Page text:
How do short sellers manipulate Tesla stock? Jim Cramer explains how it’s done.
It can be super frustrating to see the Tesla story warped, facts omitted, and incessant and obvious smear campaigns against Tesla. It’s especially frustrating since those are so effective. Having a sociology background, I have to say that the whole Tesla short seller drama is fascinating. In the year 2019, that includes flamewars on social media, paid trolls, misleading message makers, ties to mainstream media, fanboys & fangirls fighting back, and even a legal battle between the SEC and Twitter-loving CEO Elon Musk. Oh yeah, and all with billions of dollars on the line.
There are definitely also honest human beings on the “$TSLAQ” side of things, people who continue to buy into the hype about fatal problems at Tesla, fraud, and the company’s imminent collapse. But this is all the more mind blowing when you consider that this kind of anti-Tesla hype has been going on for more than a decade! Some of the same people who were attacking Tesla’s reputation (and Elon Musk’s reputation) in these ways in 2008 are still doing so today. Are they paid to do so? Are they honestly that obsessed with the idea that all is wrong in Fremont? Do they not have some unnerving cognitive dissonance that we are on Day #3942 of the Tesla Death Watchand most predictions from critics have been completely wrong?
That’s the part of the crowd that is most fascinating to me — the honest humans caught up in the mix. However, from running climate and clean energy blogs professionally for nearly a decade, and also from following investigations into such matters elsewhere, I can assure you: there are legitimate troll armies at work trying to make the opposition to Tesla (and TSLA) look much bigger than it is. Additionally, there’s some seriously funky business going on over on Wall Street and in the newsrooms of the biggest financial media outlets in the US. You don’t get it so wrong for so long so confidently and not have problems in your underlying structure and reporting process.
One possibility with the horrible media coverage is that the financial press has a relatively small number of Wall Street experts they turn to for advice, those experts are often bending the story upside down in order to push out their message, and the media reporters and hosts are simply not equipped to figure out the details better themselves to either correct the record or stop inviting misleading analysts onto their shows.
Interestingly, someone shared the video below with me as well, to help explain the kind of manipulation at play with regards to Tesla stock. It is Jim Cramer, and he’s apparently being very candid and honest about stock manipulation — even illegal stock manipulation — from short sellers. The video is from many years ago and is not about TSLA, of course, but some of the tactics look familiar to what we see with TSLA. It’s a little stunning for someone outside that world to watch and hear. Though, it’s apparently super common — people just won’t talk about it outside of a small, closed circle since it’s so shady and sometimes illegal.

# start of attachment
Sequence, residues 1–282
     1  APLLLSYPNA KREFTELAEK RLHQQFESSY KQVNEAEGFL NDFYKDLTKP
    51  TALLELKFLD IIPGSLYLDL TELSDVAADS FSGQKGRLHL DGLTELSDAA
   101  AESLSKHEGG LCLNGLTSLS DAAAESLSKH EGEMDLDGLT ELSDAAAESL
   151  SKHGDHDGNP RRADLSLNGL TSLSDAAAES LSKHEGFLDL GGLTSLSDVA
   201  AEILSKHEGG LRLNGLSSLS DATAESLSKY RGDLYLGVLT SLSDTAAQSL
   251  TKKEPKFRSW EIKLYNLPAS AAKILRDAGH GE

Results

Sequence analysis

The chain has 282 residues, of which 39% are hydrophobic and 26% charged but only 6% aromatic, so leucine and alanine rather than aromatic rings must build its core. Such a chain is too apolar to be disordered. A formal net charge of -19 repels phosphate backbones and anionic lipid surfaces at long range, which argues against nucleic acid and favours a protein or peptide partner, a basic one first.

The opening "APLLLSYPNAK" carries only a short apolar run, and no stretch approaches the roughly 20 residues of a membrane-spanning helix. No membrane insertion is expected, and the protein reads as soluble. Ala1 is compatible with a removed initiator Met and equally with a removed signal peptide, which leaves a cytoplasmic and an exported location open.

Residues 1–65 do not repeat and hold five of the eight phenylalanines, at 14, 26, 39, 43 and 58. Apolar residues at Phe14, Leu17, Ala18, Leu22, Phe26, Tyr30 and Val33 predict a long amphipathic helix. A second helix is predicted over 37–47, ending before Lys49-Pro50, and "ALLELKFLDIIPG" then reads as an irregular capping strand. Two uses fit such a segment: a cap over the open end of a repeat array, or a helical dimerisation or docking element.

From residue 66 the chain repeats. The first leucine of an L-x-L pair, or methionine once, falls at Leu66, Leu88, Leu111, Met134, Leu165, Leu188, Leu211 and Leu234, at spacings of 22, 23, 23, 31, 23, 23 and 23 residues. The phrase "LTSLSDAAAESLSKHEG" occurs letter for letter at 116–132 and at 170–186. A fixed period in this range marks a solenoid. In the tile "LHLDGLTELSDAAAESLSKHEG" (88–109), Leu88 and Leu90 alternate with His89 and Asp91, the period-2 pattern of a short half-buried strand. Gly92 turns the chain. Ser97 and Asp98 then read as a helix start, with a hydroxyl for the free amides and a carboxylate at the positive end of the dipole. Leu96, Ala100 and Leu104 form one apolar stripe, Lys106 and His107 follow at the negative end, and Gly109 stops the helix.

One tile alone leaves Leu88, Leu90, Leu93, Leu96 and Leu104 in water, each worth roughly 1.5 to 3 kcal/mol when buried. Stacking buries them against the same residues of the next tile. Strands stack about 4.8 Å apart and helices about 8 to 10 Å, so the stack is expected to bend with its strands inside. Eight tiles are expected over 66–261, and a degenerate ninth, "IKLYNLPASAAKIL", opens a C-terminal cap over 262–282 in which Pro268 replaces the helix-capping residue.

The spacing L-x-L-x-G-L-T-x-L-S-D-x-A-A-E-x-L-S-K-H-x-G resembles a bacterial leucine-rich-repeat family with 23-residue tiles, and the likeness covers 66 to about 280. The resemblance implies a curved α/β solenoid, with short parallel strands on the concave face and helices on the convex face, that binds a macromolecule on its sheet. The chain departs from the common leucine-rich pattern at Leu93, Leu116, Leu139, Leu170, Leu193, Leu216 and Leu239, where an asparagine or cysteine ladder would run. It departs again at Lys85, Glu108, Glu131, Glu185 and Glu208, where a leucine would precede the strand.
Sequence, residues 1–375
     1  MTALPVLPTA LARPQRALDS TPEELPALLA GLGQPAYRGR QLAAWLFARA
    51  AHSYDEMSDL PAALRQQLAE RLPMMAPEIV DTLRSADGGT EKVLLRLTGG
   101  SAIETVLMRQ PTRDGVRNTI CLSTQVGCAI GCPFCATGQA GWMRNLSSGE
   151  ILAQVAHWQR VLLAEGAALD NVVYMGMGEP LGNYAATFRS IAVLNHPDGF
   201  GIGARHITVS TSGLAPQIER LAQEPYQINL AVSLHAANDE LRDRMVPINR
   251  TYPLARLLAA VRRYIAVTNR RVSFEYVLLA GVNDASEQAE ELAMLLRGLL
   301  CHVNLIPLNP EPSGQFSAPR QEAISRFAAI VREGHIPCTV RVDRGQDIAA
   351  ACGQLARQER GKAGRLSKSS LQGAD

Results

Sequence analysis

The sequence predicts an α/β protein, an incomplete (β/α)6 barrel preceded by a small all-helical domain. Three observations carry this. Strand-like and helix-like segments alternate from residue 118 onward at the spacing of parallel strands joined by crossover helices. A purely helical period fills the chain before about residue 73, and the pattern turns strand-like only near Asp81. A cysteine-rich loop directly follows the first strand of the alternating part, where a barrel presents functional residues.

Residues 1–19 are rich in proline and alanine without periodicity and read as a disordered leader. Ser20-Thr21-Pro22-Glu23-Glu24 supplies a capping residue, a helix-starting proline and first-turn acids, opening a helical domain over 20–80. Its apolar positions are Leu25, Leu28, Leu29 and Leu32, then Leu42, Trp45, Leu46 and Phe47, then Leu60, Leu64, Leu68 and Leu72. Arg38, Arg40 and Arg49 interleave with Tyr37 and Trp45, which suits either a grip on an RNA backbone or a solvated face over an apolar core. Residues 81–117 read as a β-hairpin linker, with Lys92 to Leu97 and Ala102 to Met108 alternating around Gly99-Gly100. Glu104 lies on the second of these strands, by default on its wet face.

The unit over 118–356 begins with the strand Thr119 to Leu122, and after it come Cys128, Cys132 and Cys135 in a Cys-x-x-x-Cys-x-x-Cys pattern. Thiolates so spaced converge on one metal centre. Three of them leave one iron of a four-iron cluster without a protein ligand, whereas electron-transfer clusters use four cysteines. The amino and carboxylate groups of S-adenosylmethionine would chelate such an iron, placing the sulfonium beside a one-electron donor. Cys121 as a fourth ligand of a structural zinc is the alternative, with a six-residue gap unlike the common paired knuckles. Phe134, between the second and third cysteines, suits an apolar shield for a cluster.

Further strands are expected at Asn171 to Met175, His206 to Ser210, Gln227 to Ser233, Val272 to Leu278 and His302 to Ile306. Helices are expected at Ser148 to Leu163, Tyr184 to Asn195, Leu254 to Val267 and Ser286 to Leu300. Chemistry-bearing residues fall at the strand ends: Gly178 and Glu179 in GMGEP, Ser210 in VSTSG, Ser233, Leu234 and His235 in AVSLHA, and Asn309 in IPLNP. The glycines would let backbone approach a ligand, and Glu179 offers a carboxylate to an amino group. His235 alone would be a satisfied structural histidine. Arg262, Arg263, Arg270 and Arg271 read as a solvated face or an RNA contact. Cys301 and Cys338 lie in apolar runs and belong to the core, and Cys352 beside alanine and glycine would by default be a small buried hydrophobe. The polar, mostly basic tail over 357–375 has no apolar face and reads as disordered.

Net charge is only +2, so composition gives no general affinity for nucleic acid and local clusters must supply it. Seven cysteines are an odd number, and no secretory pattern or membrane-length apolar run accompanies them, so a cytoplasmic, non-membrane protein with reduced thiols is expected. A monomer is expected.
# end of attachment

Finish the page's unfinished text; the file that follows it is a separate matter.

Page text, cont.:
As I shared last year, Harvard researchers have looked into the rise of online short attacks from anonymous or fake social media accounts. These kinds of campaigns are the same sort of thing Russia used to help elect Donald Trump — vast troll armies with numerous fake accounts promoting a few core messages in any way they can on Facebook, Twitter, reddit, etc. (The Russian troll farms are still at work doing so, by the way. Making them create new fake accounts as others get shut down doesn’t do a whole lot.)
Here’s the intro to the piece by the Harvard researchers:
“In recent years, anonymous online hit pieces against public companies have become an increasingly common and effective form of short activism. Given their success in driving down stock prices, anonymous online short campaigns are likely here to stay. Anonymous online short attacks pose unique challenges to public companies. In order to defend successfully against anonymous online short attacks, public companies must have ready-to-execute plans in place—whether or not an online short attack appears imminent.”
Hmm, sounds concerning. Did Tesla have a ready-to-execute plan? (No.) If so, is it implementing that plan? (No.) Where is this headed? (We’ll see.)
But hey, let’s not stop there.
“Short seller activism is generally associated with prominent hedge funds and ‘celebrity’ activists, such as David Einhorn and Bill Ackman. These short sellers often launch short attacks capitalizing on their notoriety and name recognition.  In recent years, however, a new breed of short activism has emerged: individuals who anonymously post negative research reports and articles about targeted public companies on widely followed online financial and research platforms, such as Seeking Alpha. According to Activist Insight, ‘activist short sellers are more often than not anonymous entities and funds.’ “